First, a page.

Cathodic Protection Network

The difference between Cathodic Protection Network Surveys and others.
Traditional cathodic protection surveys use a team who walk the pipeline wayleave with an assortment of instruments taking readings in a way described by their team leader.

These readings consist of voltages which are sometimes noted by hand but are nowadays recorded using some form of data-logger.

The voltage is the potential difference between a copper/copper-sulphate electrode and the pipeline metal.
The electrode is placed on the ground in a position believed to be over the buried pipeline.

The electrode is then 'stepped' to the next location on the ground sequentially along the pipe route.

It is well known that these voltages contain an error which can be as great as 200%.
A study of this error was made by Mike Foskett of North Thames Gas with the co-operation of Bob Greenwood of the Gas Corporation ERS.
They instituted a program of On Line Inspection Surveys which culminated in gathering millions of voltages over the vast network of steel gas pipelines that serve the North London area of the UK. This survey was composed of four teams of three technicians for four years. The data was stored in the mainframe computer in Thames House Staines. the founder of the Cathodic Protection Network was a contracted field operative during the final three years of this survey and developed many of the procedures which composed the survey named OLI4.
This has now been adopted world wide and is known as Close Interval Potential Survey (CIPS) This is a misnomer which can be misleading as the values recorded are voltages or potential differences.
An American company called Harco tried later to claim intellectual ownership of one of the procedures but failed.

The two half-cell survey was devised in 1974 by the founder of the CPN whilst trouble shooting in the war damaged oilfields of Nigeria.
It was used extensively in the North Thames Gas surveys to identify the exact location of coating faults where excavations had missed the point when relying on OLI4 techniques. This type of survey is now practiced world wide called DCVG which is another misnomer. Direct Current Voltage Gradient is confusing and inaccurate as the gradients that it detects are described in a paper presented to the Australasian Corrosion Conference. These are potential gradients and must be refered to a common reference potential to be meaningful.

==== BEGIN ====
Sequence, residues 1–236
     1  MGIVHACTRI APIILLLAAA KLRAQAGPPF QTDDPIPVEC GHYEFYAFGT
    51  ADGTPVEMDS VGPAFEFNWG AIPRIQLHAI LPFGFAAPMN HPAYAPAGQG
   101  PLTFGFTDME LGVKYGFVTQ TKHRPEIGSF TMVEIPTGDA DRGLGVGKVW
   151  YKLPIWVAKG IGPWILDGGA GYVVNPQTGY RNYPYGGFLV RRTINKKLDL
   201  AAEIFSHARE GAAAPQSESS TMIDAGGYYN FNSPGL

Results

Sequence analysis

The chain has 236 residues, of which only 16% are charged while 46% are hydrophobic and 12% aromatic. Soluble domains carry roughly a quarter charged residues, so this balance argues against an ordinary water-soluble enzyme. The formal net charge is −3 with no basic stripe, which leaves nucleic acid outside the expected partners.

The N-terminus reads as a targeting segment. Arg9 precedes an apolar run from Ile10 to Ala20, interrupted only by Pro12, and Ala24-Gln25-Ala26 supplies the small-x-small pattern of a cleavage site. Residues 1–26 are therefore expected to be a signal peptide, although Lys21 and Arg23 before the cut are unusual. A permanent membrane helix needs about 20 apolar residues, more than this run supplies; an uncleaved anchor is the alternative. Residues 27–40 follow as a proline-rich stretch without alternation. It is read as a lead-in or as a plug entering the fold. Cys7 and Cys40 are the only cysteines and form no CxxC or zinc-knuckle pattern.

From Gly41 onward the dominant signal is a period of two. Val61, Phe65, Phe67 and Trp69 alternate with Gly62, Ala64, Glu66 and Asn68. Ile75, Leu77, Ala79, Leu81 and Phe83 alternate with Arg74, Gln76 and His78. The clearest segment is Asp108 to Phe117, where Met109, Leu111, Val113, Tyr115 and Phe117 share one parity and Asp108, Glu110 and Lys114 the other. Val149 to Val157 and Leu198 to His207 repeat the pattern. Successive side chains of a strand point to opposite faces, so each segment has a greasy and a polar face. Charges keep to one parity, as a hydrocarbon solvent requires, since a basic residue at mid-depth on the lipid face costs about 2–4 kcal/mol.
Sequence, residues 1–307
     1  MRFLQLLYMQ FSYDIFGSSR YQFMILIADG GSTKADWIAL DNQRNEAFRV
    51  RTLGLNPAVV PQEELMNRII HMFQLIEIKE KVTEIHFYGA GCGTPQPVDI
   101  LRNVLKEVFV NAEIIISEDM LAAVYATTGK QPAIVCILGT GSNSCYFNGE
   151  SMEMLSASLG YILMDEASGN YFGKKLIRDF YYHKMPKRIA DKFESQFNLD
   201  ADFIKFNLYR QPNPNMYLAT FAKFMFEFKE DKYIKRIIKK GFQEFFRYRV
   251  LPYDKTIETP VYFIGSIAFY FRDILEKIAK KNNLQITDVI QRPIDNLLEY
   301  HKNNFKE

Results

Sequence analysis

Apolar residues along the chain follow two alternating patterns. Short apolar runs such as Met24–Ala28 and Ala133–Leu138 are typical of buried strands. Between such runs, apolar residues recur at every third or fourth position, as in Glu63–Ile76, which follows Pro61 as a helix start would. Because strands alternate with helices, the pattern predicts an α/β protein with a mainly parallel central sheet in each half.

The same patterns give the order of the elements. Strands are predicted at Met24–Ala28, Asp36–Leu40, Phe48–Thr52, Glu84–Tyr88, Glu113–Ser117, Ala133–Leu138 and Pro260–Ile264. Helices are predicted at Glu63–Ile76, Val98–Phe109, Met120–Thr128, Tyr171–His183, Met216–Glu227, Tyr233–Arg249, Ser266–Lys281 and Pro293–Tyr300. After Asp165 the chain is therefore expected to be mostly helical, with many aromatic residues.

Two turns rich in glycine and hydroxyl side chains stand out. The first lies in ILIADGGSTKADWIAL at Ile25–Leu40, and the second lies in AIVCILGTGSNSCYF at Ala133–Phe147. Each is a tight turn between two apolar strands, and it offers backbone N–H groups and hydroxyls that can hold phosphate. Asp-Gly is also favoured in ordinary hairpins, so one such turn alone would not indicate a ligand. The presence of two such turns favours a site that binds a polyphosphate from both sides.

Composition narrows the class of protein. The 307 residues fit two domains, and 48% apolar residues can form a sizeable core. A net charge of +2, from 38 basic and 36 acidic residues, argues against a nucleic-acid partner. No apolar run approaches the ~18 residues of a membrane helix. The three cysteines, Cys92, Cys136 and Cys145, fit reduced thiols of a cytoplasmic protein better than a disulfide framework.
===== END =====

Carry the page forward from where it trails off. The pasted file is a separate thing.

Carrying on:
Cathodic Protection International Ltd will only commision Accredited Members of the CPN to carry out their surveys, using instruments and equipment specifically designed and made by Cathodic Protection International Ltd.

A common zero voltage is used as a reference thoughout the whole of a given survey and therefore the resulting data can be computer analysed.

The CPI Interface Module is the only instrument that the survey team are required to carry. It is a sealed unit which is heat proof to plus or minus the tolerances of human endurance and is virtually indestructable. Spare units are supplied with each team and replacement units are kept in readiness along the chain of supply. Each unit has a unique identity and is self tracking using GPS and mobile phone satelite technology. The unit cannot be opened without self distructing after having broadcast it's last position.

The unit is triggered by fingerprint recognition and communicates with a standard PC by bluetooth.
Voltages are fed into the unit via standard instrument plugs as fitted to the other equipment we supply.

The exact location of the pipeline is defined using a recorded 'Pearson Type' radio wavelength, null-centre technique similar to that which has been used in the pipeline industry for over 50 years.

The survey team are supplied with 'walking stick' type electrodes of patented design to allow the survey to be completed at walking pace over any terain.

The Interface Module tells the survey team when to carry out a 'traverse check' and use the Alexander Cell.

The whole survey is controlled by the data that is being fed into the interface. This data is analysed at the time it is being recorded and operator errors are not acceptable by the system. This may seem like we are anticipating results but this is not so. The results must conform to those resulting from the application of OHMs Law and Kirchoff s Law otherwise they will be rejected. This is not the case with any other survey offered by any other company.

The CPI survey will plot its own progress and show corrosion as it is being revealed. It will allow immediate adjustment of the CP system and a re-run will show the effects of that adjustment.

As the Alexander Cell is corrosion itself we can watch it happening in real time and see it stop.